Reviewed by Ellen Cassedy
Karpinowitz (1913-2004) grew up in the city during its heyday as “the capital of Yiddishland.” (Today, it’s the capital of Lithuania.) As a hub of Jewish scholarship, politics, and cultural life, it boasted 60,000 speakers of Yiddish, the Germanic tongue written in Hebrew characters. Karpinowitz left the city in 1937 and spent the war years in the Soviet Union. By the time he returned seven years later, more than 90% of Vilna’s Jews had been murdered. The city was bereft of Jews – “Vilna without Vilna,” as he put it. He settled in Israel, which was not a friendly environment for a Yiddish writer. In the early years of the new nation, Yiddish was denigrated as a language of oppression and shame. Nonetheless, Karpinowitz and others, not only in Israel but around the globe, continued to write in the language that once resounded in alleys, kitchens, and meeting halls on both sides of the Atlantic.
Bringing prewar Vilna back to life on the page was Karpinowitz’s goal – his “sacred duty,” in Justin Cammy’s words (ix). His subject was not the scholars and rabbis who had made the city famous. Instead, he shined his light on the likes of Tevke the Tapeworm, Orke the Lucky Seven, Shmuel the Organ Grinder’s Twin, Tall Tamara, and Itzik the Hare. He brought to his task a finely tuned ear for slang, an eye for evocative detail, a talent for blending fact and fiction, and an abiding affection.
Karpinowitz’s style is one-of-a-kind. As Mintz writes, “Karpinowitz’s stories include extensive vocabulary and grammatical syntax that are not to be found in Yiddish dictionaries or texts on Yiddish grammar” (9). His colorful characters speak a language designed to elude and exclude – a challenge for Mintz and also, no doubt, for those who previously translated Karpinowitz into Hebrew, Polish, Russian, German, and Lithuanian. To deal with the difficulties posed by the text, Mintz travelled to Vilnius and plumbed the linguistic memories of elderly Yiddish-speakers. She also enrolled as a fellow in the translation program at the Yiddish Book Center in Amherst, Massachusetts.
As all translators know, capturing the literal meaning of a word or a phrase is not even half the battle. Mintz had to make clear to her English-language readers that Karpinowitz was writing in a patois, a coded in-group language, and to render that code in a way that was naturally colloquial without being inappropriately trendy. No easy job. The saying “seykhl darf men zukhn in teler,” for example, literally means “wisdom must be sought on the plate.” Mintz renders it thus: “If you want to know what matters most, look at what’s sitting on the dinner plate” (60). These are not words you’re likely ever to hear anyone actually say, but they’re satisfying on the page. In another example, a fishwife named Ruzshke “hot gelernt bolek mit a yidene” – literally, “Ruzshke was teaching a harsh lesson to a Jewish woman.” Mintz’s translation: “Ruzshke was giving a housewife what for” (54). Today, no English-speaker would talk about “giving someone what for,” but here, by perfectly conveying the flavor of yesterday’s colloquial speech, it seems just right.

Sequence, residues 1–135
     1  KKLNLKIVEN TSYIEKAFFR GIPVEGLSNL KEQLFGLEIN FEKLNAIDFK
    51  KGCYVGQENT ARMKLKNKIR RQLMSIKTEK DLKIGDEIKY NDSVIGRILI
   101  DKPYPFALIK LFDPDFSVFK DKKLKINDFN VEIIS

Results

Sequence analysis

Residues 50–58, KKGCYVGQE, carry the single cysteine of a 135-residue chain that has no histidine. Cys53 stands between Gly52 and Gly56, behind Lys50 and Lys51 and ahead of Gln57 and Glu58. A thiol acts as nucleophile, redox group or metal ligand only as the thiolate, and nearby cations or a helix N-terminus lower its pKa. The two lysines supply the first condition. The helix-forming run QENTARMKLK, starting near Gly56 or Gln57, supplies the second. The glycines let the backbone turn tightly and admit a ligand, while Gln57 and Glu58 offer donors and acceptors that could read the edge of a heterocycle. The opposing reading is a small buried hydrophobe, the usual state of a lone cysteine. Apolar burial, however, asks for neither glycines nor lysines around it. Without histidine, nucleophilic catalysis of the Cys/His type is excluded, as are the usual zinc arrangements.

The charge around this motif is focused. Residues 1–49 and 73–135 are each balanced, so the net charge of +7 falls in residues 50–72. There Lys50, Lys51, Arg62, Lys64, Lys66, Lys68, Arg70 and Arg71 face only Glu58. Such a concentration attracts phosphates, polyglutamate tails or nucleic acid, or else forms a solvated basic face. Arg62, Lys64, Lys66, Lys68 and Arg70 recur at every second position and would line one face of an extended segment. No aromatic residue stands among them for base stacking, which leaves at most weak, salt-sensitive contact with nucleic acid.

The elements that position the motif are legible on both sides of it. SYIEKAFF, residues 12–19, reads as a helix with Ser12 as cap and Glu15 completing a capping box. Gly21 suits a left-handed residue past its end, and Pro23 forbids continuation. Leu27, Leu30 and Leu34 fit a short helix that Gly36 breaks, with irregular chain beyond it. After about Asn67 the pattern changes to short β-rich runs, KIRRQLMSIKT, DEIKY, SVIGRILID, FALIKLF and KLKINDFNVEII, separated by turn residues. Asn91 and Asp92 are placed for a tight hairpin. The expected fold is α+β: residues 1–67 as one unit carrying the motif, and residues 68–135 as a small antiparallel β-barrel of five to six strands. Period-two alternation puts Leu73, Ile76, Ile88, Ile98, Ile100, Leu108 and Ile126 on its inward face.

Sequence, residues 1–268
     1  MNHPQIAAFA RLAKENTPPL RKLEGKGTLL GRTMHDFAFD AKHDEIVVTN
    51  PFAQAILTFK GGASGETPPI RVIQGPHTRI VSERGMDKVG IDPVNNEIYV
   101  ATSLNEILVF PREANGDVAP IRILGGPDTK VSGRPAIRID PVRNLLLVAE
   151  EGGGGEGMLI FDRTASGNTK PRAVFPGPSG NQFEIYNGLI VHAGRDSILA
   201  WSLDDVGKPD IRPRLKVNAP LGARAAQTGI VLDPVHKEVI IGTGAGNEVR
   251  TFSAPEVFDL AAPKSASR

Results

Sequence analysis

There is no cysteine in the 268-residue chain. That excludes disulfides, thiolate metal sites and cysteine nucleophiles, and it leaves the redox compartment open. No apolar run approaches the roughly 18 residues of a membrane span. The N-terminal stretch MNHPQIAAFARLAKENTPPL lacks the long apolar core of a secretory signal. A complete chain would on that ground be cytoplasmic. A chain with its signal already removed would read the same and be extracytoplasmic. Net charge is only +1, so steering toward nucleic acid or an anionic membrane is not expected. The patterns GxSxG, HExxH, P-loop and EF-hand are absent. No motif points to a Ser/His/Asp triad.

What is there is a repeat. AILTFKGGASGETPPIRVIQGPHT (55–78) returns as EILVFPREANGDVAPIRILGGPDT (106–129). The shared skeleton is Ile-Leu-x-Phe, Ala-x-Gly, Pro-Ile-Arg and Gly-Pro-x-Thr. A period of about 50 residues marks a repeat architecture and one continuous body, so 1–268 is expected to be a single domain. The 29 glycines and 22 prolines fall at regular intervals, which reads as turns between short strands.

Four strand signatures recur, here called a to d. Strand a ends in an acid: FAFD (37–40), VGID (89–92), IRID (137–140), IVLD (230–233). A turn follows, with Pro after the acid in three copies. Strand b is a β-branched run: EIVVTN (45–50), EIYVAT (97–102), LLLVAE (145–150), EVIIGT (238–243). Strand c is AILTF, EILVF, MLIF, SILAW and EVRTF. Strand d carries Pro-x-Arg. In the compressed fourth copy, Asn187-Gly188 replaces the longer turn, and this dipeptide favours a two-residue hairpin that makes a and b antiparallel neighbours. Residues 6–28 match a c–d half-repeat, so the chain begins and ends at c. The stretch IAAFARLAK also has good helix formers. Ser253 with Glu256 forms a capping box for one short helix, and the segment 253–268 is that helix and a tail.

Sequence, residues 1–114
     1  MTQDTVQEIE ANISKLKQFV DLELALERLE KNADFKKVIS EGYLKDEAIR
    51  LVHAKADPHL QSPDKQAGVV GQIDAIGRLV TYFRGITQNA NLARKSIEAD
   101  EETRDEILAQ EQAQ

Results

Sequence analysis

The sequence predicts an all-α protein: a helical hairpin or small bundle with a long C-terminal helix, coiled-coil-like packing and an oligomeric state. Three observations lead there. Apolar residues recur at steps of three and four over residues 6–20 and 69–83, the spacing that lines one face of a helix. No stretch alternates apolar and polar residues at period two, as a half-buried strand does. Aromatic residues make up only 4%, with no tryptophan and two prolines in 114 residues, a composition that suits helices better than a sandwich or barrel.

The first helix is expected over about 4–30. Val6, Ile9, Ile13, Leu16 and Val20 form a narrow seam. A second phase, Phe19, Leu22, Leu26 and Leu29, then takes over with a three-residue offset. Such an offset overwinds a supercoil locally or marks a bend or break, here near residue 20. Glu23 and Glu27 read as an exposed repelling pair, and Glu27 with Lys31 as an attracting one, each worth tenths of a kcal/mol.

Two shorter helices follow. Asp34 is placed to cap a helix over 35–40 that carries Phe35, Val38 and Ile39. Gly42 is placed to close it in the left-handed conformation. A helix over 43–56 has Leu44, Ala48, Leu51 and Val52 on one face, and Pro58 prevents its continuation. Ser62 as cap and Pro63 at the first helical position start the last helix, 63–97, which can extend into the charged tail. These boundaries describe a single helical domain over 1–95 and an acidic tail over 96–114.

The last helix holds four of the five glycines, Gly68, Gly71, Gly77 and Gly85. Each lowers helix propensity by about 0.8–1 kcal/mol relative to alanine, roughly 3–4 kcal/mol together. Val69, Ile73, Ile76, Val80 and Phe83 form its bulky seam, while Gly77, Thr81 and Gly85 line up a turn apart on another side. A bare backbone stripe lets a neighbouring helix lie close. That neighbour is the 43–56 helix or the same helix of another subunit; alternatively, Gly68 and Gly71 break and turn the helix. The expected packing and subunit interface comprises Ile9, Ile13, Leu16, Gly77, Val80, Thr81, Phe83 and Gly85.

Especially piquant are Karpinowitz’s accounts of interactions between members of the intelligentsia – including actual historical figures – and denizens of the underworld. Tall Tamara, a prostitute with a strong sense of ethics, is a fervent reader of romantic novels and stories by the eminent I. L. Peretz. She seeks out audiences with librarians for suggestions as to what to read. And in 1941, she behaves with striking dignity at the killing field of Ponar. Berke, a small-time thief, credits his elementary school principal with teaching him the three R’s that enable him to survive: “If we, hooligans that we were, left the school knowing how to write a letter from prison or give an accounting to a fence, we had only our teacher Mr. Ayzikov to thank” (82).
In “The Folklorist,” a linguist named Rubinshteyn visits the fish market in search of curses and other earthy expressions. (Karpinowitz himself used to do the same thing.) He finds plenty of material:
An umbrella should open in your stomach.
They should call a doctor for you in an emergency, and when he arrives, they should tell him he’s no longer needed. (67)
May they carry you and sing. (58)
Rubinshteyn takes a special shine to one of the fishwives, Chana-Merka. Will romance flower between the linguist and his research subject? The two sit together in the park. Alas, Chana-Merka is disappointed. “Anyone else would have put an arm around her shoulder or tried something even naughtier. But Rubinshteyn was only worried about one thing: how to keep track of what she was saying so he didn’t forget even the tiniest word” (60).
As sketched by Karpinowitz, the underworld has its own sense of ethics and even its own rabbi. “Vladek,” a particularly pungent tale, takes place in the late 1930’s, when anti-Semitism was on the rise in the city. Berke (Jewish) and Vladek (not) pursue various illegal schemes together and wind up in prison. Then Vladek decides to go straight. How? For the first time in his life, he manages to bring in a steady salary – by joining the toughs who get paid to warn customers not to shop at Jewish stores. Berke is crushed. “I’d recruited Vladek into the profession and made something of him,” he says. “And after all that, he went and joined the hooligans” (86). But that’s not the end of this complex tale. Vladek goes on to surprise his friend again by helping him escape from the ghetto, at great cost to himself. The twists and turns of the story confound the reader’s expectations, offering a deeply textured portrait of a world that is no more.
Karpinowitz, Abraham. Vilna My Vilna: Stories by Abraham Karpinowitz. Tr. Helen Mintz. Syracuse: Syracuse University Press, 2016.